Died August 9, 1955 at Age 72 (Kansas City, KS)
Buried at Mt. Calvary Cemetery
1st Wife: Concepcion Franco
Remarried Guadalupe Araujo, daughter of Antonio and Marcia Garcia Araujo, born Guanajuato, Mexico 13 Jan 1902. She died on 20 Apr 1998 and is buried at Mt. Calvary Cemetery.
1930 Yearbook: "The Argentian"
NOTE: The case did not go to the US Supreme Court, but stopped at the desk of Secretary of State Frank Kellog in Washington DC. Our treaty with Mexico guaranteed education for Mexican children living in the US. They were to receive the same treatment as children born in the US. Secretary of State Kellog threated an injuction and possible jail time for anyone interfering with the Mexican children being refused entrance to Argentine High School. Luz and Jesus (Jesse) Alvarado were admitted to Argentine High School in 1926 and were among the first Mexican children to graduate from that school.
Kansan Article - October 25, 1925 . . . MEXICAN CASE UP TO U.S. -- HAYWARD AFTER CONSULTATION IN TOPEKA, REFERS SCHOOL ROW BACK TO WASHINGTON . . . "Residents of the Argentine district who have made it difficult for Mexican children in their district to attend the public schools may have action taken against them in the federal courts. Harry Hayward, county attorney, who returned last night from Topeka where he spent the day in consultation with C. B. Griffith, attorney general, indicated that the final settlement was a matter for federal and not state courts. Under the recent treaty with Mexico, Hayward declared, the Mexicans must be regarded as friendly aliens and as such extended the same privileges as those enjoyed by American school children. No record has been found of the treaty having been changed, or exceptions made, and Griffith declared he would take the matter up with Secretary of State Kellogg and recommend that the United States attorney general take action."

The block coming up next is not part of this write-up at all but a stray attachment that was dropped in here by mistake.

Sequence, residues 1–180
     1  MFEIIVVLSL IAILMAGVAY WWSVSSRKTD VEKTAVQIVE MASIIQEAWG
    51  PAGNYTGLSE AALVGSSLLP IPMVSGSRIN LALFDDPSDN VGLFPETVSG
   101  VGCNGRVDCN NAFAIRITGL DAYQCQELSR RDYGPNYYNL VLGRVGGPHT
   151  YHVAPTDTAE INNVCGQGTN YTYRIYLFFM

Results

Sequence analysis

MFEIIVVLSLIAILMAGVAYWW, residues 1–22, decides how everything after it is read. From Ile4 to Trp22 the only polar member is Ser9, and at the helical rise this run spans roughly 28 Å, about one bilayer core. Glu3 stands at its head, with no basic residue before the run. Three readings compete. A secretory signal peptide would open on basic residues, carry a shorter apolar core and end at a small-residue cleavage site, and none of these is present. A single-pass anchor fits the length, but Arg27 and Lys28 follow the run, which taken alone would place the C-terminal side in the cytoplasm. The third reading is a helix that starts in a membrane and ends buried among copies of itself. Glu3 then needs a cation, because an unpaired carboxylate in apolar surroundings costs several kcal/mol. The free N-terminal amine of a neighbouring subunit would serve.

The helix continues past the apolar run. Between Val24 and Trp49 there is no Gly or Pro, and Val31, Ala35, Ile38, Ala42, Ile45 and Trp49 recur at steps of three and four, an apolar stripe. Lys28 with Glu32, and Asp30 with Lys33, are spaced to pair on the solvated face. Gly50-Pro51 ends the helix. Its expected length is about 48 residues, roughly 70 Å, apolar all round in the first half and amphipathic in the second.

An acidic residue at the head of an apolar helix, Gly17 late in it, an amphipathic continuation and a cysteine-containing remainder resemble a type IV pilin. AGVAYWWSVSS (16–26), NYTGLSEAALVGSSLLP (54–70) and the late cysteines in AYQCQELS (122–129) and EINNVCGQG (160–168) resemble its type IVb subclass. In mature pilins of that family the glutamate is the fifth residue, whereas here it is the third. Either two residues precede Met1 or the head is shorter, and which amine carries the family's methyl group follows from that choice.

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Page last updated: 23-Apr-2014